Wildflower is published quarterly by the Wildflower Center. Its content is national in scope with articles about the conservation and use of native plants as well as news from the Wildflower Center. A subscription is provided to Wildflower Center members as a benefit of membership.
The definition of a clean wilderness, however, varies depending upon your point of view. But because everyone can agree that something needs to be done about the wildfires wreaking havoc on the American West, perhaps "clean" in this case means a significant reduction in the amount of hazardous fuel -- or the buildup of brush and smaller trees -- that can cause them.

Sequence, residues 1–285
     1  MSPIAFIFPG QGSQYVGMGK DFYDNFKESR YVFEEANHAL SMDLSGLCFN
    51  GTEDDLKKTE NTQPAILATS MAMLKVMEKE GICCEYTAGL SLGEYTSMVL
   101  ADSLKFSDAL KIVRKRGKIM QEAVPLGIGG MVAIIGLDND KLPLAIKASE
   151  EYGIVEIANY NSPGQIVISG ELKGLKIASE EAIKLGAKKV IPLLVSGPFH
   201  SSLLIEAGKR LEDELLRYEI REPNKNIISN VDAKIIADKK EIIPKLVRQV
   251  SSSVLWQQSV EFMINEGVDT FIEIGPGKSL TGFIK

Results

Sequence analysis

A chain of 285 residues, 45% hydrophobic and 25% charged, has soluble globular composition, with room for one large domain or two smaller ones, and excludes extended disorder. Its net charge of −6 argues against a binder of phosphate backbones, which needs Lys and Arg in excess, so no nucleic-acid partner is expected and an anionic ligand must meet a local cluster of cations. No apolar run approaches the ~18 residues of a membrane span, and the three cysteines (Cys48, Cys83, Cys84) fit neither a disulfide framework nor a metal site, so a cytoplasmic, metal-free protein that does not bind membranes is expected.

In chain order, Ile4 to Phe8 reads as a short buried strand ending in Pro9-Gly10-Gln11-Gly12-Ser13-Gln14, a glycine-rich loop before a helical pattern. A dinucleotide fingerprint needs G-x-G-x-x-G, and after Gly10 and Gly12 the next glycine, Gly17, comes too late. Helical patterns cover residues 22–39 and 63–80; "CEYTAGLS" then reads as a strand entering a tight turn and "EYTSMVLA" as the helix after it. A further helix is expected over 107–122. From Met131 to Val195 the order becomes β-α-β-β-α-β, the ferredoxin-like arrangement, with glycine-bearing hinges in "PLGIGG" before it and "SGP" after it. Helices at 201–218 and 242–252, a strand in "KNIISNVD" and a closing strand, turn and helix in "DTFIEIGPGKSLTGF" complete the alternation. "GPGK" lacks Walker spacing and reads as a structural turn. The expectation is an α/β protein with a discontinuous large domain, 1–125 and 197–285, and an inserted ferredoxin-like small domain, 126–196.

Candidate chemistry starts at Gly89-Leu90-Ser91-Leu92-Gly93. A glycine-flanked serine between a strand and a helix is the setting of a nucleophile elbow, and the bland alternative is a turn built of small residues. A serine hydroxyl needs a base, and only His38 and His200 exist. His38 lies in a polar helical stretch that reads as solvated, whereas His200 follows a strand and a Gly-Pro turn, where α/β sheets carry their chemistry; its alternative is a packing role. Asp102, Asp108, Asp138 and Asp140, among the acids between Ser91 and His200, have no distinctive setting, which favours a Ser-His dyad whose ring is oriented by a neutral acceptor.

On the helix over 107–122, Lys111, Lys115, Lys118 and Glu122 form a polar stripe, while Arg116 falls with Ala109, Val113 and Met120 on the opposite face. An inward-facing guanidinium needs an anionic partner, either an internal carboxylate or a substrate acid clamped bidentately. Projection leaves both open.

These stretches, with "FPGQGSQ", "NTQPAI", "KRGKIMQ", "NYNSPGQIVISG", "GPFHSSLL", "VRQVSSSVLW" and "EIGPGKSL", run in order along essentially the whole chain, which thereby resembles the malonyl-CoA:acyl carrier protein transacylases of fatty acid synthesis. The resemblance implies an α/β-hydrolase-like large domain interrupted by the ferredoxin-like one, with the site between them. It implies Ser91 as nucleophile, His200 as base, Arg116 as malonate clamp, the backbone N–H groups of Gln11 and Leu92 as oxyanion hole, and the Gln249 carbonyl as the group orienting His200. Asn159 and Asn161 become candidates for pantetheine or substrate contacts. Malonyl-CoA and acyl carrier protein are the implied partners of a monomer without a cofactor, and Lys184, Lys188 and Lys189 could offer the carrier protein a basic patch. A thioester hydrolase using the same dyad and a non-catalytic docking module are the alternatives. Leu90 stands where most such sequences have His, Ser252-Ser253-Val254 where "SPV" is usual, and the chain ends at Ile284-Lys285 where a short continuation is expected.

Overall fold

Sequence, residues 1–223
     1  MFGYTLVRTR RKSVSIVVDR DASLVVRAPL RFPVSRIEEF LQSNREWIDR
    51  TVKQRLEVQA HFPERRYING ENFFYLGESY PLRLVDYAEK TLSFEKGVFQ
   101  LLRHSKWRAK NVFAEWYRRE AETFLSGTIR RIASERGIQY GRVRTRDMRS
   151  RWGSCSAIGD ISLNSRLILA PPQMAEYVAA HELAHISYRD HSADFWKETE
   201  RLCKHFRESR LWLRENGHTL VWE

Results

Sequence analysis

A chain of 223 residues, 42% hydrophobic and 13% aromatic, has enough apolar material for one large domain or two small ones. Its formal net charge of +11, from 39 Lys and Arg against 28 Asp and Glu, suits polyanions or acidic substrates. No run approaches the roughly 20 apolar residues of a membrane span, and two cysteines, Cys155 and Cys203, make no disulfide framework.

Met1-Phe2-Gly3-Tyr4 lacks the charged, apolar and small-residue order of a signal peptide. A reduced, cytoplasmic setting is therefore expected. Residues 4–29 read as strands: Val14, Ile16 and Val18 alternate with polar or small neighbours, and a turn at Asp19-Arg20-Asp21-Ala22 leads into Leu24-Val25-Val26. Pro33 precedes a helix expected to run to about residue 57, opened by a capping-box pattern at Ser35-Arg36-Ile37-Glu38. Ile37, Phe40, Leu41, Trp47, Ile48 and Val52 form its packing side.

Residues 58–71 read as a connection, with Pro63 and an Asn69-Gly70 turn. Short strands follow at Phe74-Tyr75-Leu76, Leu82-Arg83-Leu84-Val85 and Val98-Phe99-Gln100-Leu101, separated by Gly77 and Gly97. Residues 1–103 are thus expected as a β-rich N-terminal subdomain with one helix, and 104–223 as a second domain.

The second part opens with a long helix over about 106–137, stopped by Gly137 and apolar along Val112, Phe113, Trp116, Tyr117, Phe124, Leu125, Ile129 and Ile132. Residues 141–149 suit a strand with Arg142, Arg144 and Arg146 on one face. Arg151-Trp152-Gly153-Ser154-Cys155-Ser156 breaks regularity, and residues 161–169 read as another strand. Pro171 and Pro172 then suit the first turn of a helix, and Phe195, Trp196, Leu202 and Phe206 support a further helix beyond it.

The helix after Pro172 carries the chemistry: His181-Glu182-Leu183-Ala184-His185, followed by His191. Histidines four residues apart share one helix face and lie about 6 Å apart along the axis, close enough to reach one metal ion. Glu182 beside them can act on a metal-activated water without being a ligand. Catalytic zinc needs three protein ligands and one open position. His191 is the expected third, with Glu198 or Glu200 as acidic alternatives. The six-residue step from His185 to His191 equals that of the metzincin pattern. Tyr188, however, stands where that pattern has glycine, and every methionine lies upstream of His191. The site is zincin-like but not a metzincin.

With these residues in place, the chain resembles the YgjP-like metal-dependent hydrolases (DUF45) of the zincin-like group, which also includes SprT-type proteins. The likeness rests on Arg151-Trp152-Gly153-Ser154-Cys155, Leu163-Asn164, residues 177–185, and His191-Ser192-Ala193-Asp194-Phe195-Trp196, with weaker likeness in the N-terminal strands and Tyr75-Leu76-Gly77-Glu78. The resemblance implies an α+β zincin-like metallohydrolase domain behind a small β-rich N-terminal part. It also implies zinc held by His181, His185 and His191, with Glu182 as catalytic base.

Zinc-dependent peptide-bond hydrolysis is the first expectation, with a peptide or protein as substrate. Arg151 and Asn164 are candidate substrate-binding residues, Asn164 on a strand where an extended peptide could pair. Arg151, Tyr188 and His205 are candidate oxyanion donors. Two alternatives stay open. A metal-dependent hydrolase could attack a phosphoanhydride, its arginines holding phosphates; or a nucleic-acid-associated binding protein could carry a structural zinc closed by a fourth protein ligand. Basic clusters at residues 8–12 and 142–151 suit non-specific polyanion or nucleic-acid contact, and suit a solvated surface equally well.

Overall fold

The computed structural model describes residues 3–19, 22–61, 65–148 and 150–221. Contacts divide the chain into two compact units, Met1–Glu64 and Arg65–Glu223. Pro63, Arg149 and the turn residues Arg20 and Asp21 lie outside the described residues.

Solutions about how to reduce fuel levels vary from logging to letting nature take its course. But managing natural systems to reduce wildfires requires an ecological approach designed to respect the biodiversity of our ecosystems and ensure sustainability of these natural resources.
Experts link destructive wildfires to years of fire suppression by humans that has resulted in forests with unnaturally high fuel loads and diminished plant diversity. They advocate an ecologically based fire management plan that is focused not only on saving lives from raging wildfires, but also on maintaining ecosystem health. Increasingly today, ecologists are working to restore healthy ecosystems by removing brush and dense thickets of small trees and by using deliberately set, controlled fires (prescribed fire) that deter dangerous wildfires and return plant diversity to ecosystems by "opening up" forests and grasslands.